It was argued that the rights of the complainants’ children under sections 14 and 8 of the Charter
had been engaged. Section 14 of the Charter provides for “the right to freedom of thought,
conscience, religion and belief”, whilst section 8 provides, inter alia, for the right to enjoy human
rights without discrimination, equal protection of the law without discrimination, and equal and
effective protection against discrimination.
The complainants argued that the Charter required the Department and the Tribunal to interpret
the Education Act and the EO Acts, so far as it was possible to do so, in a way that is compatible
with human rights.
The Charter and the EO Acts
The Tribunal held that the ordinary meaning of the direct discrimination provisions in the EO Acts
were clear and unambiguous. Therefore, there was no occasion for the application of section 32
of the Charter to alter their meaning. Noting the purposes of the EO Acts as protecting important
human rights, not least the right of equality contained in section 8 of the Charter, his Honour
considered that “Giving the direct discrimination provisions their ordinary meaning is compatible
with human rights and, indeed, promotes them.”
Judge Ginnane considered that the factual findings made in determining the complaints of direct
discrimination also led to the conclusion that no infringement or limitation of the human rights of
the complainants’ children was established.
The Charter and the Education Act
The Tribunal also accepted that the State must act in a way that is compatible with the human
rights of the complainants’ children. However, it also considered that holding SRI during school
time and not teaching the core curriculum during those times was a reasonable way of
implementing the program and was consistent with the purpose of the Education Act.
The complainants argued that section 14 of the Charter applies to their decision not to adopt any
belief or religion. On this basis, they argued that the section of the Education Act which provides
for SRI should, by virtue of section 32 of the Charter, be interpreted such that SRI, as presently
conducted by the Department, is inconsistent with their human rights under section 14 of the
Whilst noting that the Education Act ensured that participation in SRI was not compulsory, his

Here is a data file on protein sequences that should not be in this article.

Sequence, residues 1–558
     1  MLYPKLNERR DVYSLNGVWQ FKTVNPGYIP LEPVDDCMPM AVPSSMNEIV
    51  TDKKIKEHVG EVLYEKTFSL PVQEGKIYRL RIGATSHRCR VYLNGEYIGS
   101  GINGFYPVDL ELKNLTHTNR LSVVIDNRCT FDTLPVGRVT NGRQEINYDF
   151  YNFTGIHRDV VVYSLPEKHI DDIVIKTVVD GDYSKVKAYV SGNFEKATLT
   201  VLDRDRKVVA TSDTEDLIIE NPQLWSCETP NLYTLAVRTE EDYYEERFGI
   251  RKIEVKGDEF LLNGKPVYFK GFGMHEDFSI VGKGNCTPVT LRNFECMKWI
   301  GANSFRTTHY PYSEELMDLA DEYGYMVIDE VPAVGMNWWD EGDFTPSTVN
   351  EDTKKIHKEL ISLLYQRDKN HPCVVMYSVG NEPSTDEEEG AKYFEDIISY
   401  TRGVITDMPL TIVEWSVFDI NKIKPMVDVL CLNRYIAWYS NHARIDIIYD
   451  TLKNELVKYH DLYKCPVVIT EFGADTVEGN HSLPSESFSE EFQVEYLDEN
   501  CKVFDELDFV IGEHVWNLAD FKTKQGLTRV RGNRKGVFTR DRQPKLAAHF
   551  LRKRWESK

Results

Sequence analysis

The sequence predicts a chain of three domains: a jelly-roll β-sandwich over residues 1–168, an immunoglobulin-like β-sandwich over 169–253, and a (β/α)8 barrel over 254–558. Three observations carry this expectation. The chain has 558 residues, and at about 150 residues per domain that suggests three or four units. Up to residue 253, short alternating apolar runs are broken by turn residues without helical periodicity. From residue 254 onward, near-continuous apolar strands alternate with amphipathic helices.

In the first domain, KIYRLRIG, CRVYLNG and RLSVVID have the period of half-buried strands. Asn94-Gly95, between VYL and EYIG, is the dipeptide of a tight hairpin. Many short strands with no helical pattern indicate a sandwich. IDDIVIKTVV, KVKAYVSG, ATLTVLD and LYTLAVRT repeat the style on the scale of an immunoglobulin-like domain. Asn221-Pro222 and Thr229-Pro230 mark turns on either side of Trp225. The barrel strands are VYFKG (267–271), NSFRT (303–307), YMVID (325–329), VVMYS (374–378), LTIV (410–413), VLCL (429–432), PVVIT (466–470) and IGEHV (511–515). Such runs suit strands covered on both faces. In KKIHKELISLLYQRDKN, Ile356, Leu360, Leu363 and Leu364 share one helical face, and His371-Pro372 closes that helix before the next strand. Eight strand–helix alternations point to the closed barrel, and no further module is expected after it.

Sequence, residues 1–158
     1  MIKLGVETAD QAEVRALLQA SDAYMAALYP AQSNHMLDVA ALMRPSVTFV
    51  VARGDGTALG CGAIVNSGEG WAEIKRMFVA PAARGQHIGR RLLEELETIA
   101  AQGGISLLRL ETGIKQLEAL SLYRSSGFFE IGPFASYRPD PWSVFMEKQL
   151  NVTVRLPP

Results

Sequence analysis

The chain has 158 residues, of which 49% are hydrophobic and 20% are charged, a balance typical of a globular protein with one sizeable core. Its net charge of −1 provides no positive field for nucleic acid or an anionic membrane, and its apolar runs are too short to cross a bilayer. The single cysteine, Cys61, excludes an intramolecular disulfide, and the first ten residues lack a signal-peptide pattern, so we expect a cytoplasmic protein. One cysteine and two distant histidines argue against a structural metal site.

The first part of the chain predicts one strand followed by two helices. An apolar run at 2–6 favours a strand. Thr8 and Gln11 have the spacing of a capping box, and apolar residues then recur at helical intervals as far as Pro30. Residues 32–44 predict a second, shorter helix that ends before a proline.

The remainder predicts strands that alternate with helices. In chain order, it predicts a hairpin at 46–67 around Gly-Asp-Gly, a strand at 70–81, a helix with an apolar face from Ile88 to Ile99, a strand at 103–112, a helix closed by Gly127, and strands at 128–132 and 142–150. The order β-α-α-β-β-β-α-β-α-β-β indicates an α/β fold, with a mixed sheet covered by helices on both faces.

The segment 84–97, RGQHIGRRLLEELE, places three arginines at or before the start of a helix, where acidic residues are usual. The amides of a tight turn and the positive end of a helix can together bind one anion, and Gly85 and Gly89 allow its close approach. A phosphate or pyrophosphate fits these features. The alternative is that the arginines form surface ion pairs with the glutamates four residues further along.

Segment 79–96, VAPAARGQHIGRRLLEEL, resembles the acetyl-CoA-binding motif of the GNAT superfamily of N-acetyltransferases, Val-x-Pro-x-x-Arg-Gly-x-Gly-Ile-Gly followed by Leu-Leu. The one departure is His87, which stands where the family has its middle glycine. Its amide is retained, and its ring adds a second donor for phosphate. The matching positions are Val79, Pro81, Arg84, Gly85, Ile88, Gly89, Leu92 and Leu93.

Honour gave weight to Parliament’s decision not to incorporate a provision like article 18(4) of the HUMAN RIGHTS LAW CENTRE | RIGHTS AGENDA | 20
International Covenant on Civil and Political Rights into section 14 of the Charter, so as to give
parents a right to ensure that their children are educated in accordance with their own moral and
The Tribunal held that both the “opt-out” and “opt-in” systems for ascertaining parents’ wishes
regarding SRI were authorised under the Education Act, and did not limit children’s human rights.
This decision indicates that while the Tribunal sees the Charter as having an “important
interpretative role” in respect of legislation, it will be reluctant to apply the Charter to displace the
ordinary meaning of legislation, where that ordinary meaning promotes human rights.
The decision also highlights that the Tribunal will not read into the Charter rights those rights
which exist at international law but which are not expressed in the Charter itself. Article 18(4) of
the ICCPR, which requires that states “respect the liberty of parents … to ensure the religious
and moral education of their children in conformity with their convictions” does not find expression
in section 14 of the Charter, and the Tribunal held that article 18(4) did not expand the rights
protected by the Charter.
It is clear from this decision that when the Tribunal considers that the ordinary meaning of the
statutory provision in question is compatible with rights under the Charter – and where there is no
ambiguity in the provision – section 32(1) of the Charter will not be afforded an expansive
Recent media articles have indicated that the complainants intend to appeal the decision.
The decision is available online at:
Kaitlyn Gulle is a lawyer at Lander & Rogers.